Languages in Dungeons & Dragons can be a bit of a crapshoot. Characters usually know at least one language that never gets used during the campaign. The languages they choose are either too narrow, meaning they’re never spoken by the species they encounter, or they’re redundant, meaning anyone they encounter that does speak it also knows another more common tongue that they’ll use instead.

As a player, it becomes easy to ignore (or forget) what languages your character knows. If it’s never relevant, why would you keep track of it? What’s more, there’s rarely any thought give to how your character knows those languages; did they grow up hearing it spoken, or did they go out of their way to learn it? Maybe they picked it up during their travels. People don’t suddenly know French out of nowhere; the same should be true of fantasy languages. Instead, players are instructed to pick two or three languages from a list without any rhyme or reason.

For the dungeon master, if they’re actually paying attention to what languages the player characters know, it can be tough to decide whether they understand an NPC or not. If the NPC is speaking a language none of the PCs know, the DM is immediately cutting off opportunities to roleplay. By using a language only a handful of the characters understand, the DM is excluding some players from participating in the scene. There are ways to take advantage of this (by letting the player who rarely gets to do social encounters take center stage, for instance), but more often than not it will result in several players checking out, or reacting to the scene as if they understood the conversation anyway. It’s often assumed that one character acts as an interpreter, and everyone quickly forgets that they aren’t actually speaking in Common.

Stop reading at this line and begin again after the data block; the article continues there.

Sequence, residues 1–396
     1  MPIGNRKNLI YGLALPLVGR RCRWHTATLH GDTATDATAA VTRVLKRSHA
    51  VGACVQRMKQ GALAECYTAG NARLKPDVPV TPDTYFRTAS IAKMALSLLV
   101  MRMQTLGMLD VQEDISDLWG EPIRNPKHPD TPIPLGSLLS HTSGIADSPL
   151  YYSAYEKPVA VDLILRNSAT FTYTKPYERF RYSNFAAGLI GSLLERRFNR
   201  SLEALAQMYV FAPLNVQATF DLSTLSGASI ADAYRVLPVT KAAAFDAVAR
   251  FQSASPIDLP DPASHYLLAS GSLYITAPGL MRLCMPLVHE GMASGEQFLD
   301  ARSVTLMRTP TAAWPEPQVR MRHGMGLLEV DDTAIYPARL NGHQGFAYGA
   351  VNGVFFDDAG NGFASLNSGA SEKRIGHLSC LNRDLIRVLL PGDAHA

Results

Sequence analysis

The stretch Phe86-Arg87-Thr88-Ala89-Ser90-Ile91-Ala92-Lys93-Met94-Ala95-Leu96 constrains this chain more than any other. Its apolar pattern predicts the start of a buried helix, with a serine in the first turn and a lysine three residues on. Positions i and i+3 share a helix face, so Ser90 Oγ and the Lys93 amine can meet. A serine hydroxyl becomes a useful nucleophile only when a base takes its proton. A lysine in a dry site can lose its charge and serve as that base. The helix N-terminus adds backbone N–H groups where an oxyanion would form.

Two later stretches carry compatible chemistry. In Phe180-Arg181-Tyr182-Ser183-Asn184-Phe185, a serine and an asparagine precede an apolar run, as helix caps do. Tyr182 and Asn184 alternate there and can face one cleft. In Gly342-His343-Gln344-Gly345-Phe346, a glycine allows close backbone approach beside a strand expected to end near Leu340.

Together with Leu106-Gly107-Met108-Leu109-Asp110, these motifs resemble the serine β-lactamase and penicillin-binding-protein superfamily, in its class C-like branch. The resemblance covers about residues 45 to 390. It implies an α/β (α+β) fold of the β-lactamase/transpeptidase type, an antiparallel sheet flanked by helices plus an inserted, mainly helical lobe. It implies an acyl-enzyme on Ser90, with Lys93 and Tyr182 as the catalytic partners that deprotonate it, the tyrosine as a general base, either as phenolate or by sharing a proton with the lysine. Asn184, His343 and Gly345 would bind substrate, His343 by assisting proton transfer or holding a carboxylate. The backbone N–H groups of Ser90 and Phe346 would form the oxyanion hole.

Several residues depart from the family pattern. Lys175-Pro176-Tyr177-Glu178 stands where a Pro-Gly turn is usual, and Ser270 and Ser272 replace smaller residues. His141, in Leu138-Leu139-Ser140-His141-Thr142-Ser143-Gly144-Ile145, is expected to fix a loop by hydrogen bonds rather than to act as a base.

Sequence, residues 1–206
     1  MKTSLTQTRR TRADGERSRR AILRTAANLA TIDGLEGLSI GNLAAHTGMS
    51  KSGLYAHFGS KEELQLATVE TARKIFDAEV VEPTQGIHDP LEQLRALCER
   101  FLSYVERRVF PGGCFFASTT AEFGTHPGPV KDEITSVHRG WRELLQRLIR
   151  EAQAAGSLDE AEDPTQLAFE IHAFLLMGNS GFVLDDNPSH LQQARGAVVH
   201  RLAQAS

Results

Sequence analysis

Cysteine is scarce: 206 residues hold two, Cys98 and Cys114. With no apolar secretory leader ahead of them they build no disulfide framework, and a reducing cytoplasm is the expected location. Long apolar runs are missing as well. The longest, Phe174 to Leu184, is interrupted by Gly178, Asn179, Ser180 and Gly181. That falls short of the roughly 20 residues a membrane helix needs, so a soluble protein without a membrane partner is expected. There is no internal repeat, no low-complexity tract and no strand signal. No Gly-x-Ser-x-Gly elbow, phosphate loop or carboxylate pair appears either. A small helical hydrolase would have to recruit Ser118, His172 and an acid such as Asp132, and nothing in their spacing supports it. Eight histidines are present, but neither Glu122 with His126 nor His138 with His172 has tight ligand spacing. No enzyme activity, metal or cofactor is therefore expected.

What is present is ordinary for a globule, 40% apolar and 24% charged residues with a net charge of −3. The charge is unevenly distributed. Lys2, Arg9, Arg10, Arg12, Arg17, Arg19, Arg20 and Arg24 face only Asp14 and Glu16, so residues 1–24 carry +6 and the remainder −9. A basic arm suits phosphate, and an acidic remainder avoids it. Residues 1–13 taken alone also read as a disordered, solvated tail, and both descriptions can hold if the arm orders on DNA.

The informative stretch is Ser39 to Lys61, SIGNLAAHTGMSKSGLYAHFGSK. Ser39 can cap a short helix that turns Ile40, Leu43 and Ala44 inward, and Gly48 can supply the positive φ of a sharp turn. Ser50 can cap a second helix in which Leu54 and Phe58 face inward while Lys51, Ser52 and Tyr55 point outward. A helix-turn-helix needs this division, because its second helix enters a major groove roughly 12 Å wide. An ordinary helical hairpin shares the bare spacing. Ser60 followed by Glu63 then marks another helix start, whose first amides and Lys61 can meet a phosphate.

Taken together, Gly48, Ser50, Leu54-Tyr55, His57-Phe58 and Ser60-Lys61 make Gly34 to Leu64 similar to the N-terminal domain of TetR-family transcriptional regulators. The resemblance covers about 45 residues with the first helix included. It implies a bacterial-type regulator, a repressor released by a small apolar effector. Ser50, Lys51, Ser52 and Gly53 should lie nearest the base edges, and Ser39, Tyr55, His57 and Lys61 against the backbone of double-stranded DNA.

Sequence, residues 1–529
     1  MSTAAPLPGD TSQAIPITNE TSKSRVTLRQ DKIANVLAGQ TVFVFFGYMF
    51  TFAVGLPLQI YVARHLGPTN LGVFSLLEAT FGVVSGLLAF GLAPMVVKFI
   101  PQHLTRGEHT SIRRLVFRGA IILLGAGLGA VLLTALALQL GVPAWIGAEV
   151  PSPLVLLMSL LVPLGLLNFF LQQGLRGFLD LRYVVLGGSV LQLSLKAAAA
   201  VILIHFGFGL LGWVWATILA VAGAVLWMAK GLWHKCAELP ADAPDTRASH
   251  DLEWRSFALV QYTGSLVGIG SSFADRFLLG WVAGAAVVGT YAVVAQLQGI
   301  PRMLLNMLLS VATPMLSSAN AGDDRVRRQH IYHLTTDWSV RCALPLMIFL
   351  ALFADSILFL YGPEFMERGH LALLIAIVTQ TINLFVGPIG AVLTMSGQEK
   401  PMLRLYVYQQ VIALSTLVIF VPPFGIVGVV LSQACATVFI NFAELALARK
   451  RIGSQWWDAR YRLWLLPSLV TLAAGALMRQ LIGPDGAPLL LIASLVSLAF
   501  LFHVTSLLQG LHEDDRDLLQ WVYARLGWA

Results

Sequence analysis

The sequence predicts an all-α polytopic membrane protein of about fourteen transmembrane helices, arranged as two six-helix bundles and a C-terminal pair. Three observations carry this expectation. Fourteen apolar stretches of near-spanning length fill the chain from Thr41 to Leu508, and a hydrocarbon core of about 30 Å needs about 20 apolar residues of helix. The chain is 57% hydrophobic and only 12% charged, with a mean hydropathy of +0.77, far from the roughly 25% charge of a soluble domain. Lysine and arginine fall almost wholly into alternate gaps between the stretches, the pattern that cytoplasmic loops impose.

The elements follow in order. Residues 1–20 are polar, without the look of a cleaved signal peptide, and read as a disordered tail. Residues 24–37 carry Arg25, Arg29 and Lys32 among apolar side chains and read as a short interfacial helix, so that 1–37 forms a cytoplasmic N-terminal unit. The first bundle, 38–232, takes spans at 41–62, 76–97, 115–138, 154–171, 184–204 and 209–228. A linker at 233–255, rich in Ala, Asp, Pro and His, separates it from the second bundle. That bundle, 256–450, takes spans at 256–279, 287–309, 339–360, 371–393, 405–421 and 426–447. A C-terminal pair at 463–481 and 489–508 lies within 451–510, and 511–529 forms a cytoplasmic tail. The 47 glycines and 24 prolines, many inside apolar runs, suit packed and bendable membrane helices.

One of the problems is that languages in Dungeons & Dragons are boolean: you either know them or you don’t. There are no mechanics for fluency; by the rules, a beginner with a limited vocabulary knows a language just as well as a native speaker. This doesn’t actually need to be quantified with a mechanic, but it’s worth considering just how comfortable your character is with their second (and third, fourth, fifth…) language. Do they speak Orcish with a thick Dwarven accent? Do they understand everything a native Celestial speaker says, but struggle to form their own sentences? Maybe they know just enough draconic to get by, but can’t hold a meaningful conversation beyond the basics. Perhaps they grew up speaking a regional dialect, and their speech is filled with esoteric slang others might not understand. I hear east coast elves can be especially difficult to understand!

It’s also worth considering how all of these languages relate to one another. The Player’s Handbook informs us that many languages use the same alphabet. Using this principle, the DM could decide that in addition to a common script, these languages might share a common root. In this way, a speaker of one language might be able to understand a few snippets of another, like how knowing Spanish can help you to understand a few phrases in Italian. By giving languages a common root, it adds depth to the world’s history. Moreover, it lets players apply their chosen languages more broadly, and gives the dungeon master several opportunities to provide hints without giving everything away.